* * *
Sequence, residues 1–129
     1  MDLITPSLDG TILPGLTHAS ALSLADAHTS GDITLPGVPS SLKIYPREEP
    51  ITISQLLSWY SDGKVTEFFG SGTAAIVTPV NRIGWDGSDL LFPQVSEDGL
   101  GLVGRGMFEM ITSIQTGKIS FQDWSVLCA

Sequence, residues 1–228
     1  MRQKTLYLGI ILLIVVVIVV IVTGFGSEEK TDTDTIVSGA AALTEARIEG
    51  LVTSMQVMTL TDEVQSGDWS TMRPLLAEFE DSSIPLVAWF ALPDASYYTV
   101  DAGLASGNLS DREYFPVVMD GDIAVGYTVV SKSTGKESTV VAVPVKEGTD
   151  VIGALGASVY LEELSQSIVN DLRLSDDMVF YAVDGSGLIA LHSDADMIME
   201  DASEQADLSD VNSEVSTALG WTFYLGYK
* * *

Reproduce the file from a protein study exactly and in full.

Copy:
Sequence, residues 1–129
     1  MDLITPSLDG TILPGLTHAS ALSLADAHTS GDITLPGVPS SLKIYPREEP
    51  ITISQLLSWY SDGKVTEFFG SGTAAIVTPV NRIGWDGSDL LFPQVSEDGL
   101  GLVGRGMFEM ITSIQTGKIS FQDWSVLCA

Sequence, residues 1–228
     1  MRQKTLYLGI ILLIVVVIVV IVTGFGSEEK TDTDTIVSGA AALTEARIEG
    51  LVTSMQVMTL TDEVQSGDWS TMRPLLAEFE DSSIPLVAWF ALPDASYYTV
   101  DAGLASGNLS DREYFPVVMD GDIAVGYTVV SKSTGKESTV VAVPVKEGTD
   151  VIGALGASVY LEELSQSIVN DLRLSDDMVF YAVDGSGLIA LHSDADMIME
   201  DASEQADLSD VNSEVSTALG WTFYLGYK